The Republican Party has moved slightly to the right with the election of Kevin McCarthy as House Majority Leader and Steve Scalise as House Majority Whip, renowned economist and CNBC senior contributor Larry Kudlow says.
"The interesting part of this is Steve Scalise. He's a southern Republican, he's a conservative Republican, he represents Republican Study Group,'' Kudlow told "The Steve Malzberg Show" on Newsmax TV.
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"So the center of gravity [of the GOP] moves slightly to the right on this. Not gigantic step to the right — because it's a conservative caucus to begin with — but slightly to the right.''
Scalise represents the First District of Louisiana and McCarthy represents the 23rd District of California.
"A lot of the members wanted a southerner. They felt they were not represented properly,'' Kudlow said of Scalise.
"Steve Scalise is really becoming a star…. He is going to be a force. His job is not going to be policymaker, but he's a very knowledgeable guy about policy and I doubt if this will be his ceiling. I doubt if this will be his limit. If he stays as a House member, he'll go higher.''
Kudlow sees very little change between the leadership style of McCarthy and that of his predecessor Eric Cantor, who stepped down following an unexpected primary defeat in Virginia.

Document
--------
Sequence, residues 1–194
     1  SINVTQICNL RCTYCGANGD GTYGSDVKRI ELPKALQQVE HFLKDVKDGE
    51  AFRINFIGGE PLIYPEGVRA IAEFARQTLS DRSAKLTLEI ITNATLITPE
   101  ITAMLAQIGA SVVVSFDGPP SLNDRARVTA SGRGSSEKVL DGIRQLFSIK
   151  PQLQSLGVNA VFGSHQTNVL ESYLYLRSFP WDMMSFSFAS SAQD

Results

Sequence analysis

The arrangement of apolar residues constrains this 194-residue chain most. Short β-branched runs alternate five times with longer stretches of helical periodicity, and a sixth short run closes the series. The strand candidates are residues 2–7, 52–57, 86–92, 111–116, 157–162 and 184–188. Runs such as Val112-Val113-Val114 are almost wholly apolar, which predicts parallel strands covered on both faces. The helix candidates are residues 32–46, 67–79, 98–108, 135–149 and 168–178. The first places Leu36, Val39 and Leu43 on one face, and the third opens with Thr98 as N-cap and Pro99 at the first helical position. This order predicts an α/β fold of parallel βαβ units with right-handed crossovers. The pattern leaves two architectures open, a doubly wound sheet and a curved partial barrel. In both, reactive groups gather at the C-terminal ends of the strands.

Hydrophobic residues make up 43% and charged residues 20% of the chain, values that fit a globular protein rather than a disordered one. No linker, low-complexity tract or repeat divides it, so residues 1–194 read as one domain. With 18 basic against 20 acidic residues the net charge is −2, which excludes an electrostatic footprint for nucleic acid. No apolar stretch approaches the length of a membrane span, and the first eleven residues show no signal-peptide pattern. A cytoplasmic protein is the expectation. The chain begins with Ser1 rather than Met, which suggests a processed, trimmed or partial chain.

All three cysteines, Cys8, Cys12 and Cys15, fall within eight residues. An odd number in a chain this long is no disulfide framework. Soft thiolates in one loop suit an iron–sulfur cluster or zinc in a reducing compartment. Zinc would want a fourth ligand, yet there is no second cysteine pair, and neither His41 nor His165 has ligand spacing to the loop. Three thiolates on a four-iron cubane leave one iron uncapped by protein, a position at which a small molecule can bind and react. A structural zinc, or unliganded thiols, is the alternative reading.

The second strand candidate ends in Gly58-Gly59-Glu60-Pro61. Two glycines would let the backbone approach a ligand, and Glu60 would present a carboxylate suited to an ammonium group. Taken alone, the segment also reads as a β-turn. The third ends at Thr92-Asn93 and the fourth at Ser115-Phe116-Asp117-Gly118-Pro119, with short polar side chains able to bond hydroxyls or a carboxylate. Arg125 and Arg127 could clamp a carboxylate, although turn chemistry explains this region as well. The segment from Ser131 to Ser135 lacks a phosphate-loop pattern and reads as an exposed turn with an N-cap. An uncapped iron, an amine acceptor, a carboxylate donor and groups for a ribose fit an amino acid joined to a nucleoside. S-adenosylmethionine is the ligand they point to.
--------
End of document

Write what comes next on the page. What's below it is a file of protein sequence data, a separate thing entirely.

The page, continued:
"There's no gigantic shift here. I don't think there's going to be much difference,'' he said.
"Bear in mind, the role of majority leader is in some sense a super whip role. It may not be a policy making position. That's really done by the speaker and another person whose name hasn't come up yet, and that's [Rep.] Paul Ryan [of Wisconsin].
"Paul Ryan is the single most important policy influence on the Republican caucus. I think he's going to be the Ways and Means chairman; he's going to be pushing tax reform in a very big way, pro-growth tax reforms.''
Kudlow said the current Iraqi crisis has not affected oil prices as yet, but that may not last.
"I wish I knew and I wish the president knew exactly what his policy is regarding Iraq.''
"Where's his [Henry] Kissinger, for God's sake?'' he said, referring to the famed secretary of State who served under Richard Nixon and Gerald Ford.
"[Obama] is not a foreign policy expert and most of what he's touched in foreign policy has turned to stone and I fear that his management of policy in Iraq is also going to turn to stone.
"There has not been any big move in the oil markets here in the U.S. … The oil fields are intact, that's the best I can say and our markets are shrugging it off right now.''
Kudlow also pooh-poohed the bipartisan proposal in the Senate to raise the gas tax by 12 cents over a two-year period.
"Slapping a gas tax on right now would be a very bad idea in my opinion, a very bad idea,'' he said.
"Why do I have to penalize motorists? Why is that? I want growth. We should be looking at major slashing of the corporate income tax right now, we should be repatriating profits from overseas to invest.
"We should be lowering regulations right now, we should be promising flat tax reform for individuals, we should have a pro-business administration so we can get long term investment and jobs — that's what we need."
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